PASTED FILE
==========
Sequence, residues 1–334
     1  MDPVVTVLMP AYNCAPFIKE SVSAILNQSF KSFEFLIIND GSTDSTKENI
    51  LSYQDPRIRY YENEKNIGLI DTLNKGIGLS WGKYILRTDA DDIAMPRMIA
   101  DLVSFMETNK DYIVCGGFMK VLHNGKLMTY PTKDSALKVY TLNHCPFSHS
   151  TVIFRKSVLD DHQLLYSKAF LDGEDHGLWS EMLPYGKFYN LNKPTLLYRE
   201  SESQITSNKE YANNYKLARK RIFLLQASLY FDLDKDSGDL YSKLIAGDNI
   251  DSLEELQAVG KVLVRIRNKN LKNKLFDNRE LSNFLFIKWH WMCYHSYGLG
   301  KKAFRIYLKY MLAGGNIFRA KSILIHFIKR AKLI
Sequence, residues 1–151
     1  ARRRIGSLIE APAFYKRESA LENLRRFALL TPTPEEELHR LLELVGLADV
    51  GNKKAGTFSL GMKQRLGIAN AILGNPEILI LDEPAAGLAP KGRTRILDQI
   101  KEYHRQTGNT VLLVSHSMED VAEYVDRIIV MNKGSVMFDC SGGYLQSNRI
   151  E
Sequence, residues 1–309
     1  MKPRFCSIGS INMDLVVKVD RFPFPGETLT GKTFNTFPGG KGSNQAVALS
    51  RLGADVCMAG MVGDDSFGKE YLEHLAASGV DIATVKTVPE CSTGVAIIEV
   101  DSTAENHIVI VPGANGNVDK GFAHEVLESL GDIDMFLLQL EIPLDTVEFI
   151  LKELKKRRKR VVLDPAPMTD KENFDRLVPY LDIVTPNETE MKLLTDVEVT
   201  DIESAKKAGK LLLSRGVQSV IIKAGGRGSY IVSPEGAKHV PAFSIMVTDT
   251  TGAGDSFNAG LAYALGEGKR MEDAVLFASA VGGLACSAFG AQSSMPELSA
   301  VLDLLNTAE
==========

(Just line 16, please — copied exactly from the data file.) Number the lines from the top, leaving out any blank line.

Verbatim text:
    51  RLGADVCMAG MVGDDSFGKE YLEHLAASGV DIATVKTVPE CSTGVAIIEV